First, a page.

AMW Use Case - Tool Interoperability of bug tracking tools

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Nowadays, there are a large number of different tools that can be used to solve similar problems. It is often necessary to use the data produced by one tool in another tool. However, the tools have different data format and semantics.
To support interoperability between different tools, it is necessary to represent the semantic heterogeneities between the tools' elements.

We illustrate the tool interoperability scenario using two well-known bug tracking tools, Mantis and Bugzilla. This use case shows how weaving models are used to capture the semantic heterogeneities between these two tools metamodels. The weaving model acts as high-level specifications for producing model transformations.


Consider two bug tracking tools, Mantis and Bugzilla. Mantis is represented by model Ma (conforms to MMa). Bugzilla is represented by model Mb (conforms to MMb).

The first step is to perform a matching between both metamodels. The matching process creates a weaving model that captures the different kinds of heterogeneities between both tools metamodels. The heterogeneities may vary from simple mappings (e.g., 1-to-1 equivalence links), to complex kinds of mappings (e.g., concatenation, data conversions, etc.). More information about the matching process is available in the matching use case. The weaving model conforms to a weaving metamodel extension for tool interoperability. This extension is available in the weaving metamodel Zoo.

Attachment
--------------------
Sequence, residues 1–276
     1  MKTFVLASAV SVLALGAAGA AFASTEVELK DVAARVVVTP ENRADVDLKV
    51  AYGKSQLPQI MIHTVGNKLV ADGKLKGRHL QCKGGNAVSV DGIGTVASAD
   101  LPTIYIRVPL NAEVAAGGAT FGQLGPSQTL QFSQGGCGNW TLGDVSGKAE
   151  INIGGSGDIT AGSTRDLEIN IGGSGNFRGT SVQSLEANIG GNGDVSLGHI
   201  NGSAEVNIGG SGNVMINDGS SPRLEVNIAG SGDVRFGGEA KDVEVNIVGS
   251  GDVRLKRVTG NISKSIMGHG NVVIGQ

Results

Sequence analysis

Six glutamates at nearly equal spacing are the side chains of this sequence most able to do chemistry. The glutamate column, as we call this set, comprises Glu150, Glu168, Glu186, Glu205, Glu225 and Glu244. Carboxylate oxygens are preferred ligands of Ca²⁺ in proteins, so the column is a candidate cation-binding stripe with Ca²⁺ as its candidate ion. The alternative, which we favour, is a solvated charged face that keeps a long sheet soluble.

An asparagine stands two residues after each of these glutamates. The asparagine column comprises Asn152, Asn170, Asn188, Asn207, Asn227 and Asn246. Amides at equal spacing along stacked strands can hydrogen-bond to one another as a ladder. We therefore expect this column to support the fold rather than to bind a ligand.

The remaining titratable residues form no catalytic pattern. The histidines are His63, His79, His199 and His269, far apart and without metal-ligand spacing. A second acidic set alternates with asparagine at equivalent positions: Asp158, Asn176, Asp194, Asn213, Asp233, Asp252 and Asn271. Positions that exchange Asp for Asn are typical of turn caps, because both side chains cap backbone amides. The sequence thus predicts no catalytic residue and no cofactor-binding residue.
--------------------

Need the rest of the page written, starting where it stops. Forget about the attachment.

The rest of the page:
Weaving model for tool interoperability

The weaving model is used as specification to produce model transformations. We implement a higher-order transformation (HOT) based on a generic transformation pattern (see the publication below). The HOT takes the weaving model as input and produces a transformation model as output. This output transformation is used to translate Mantis models into Bugzilla models.

Production of a transformation between Mantis and Bugzilla

Download and examples


This example is a complete scenario of tool interoperability that uses weaving models to capture the different kinds of heterogeneities between the Mantis and Bugzilla metamodels. The weaving model is used to generate ATL transformations.

Example HowTo

This document contains step-by-step instructions explaining how to execute the example.


The publication titled "Model-driven Tool Interoperability: an Application in Bug Tracking" demonstrates the use of weaving models to capture complex kinds of mappings in tool interoperability scenarios. It uses the "Mantis to Bugzilla" scenario for the experimental validation.

Related use cases


Matching is the generic process that creates weaving models. This use case gives a general overview of the matching process, and how it is handled by AMW and ATL.

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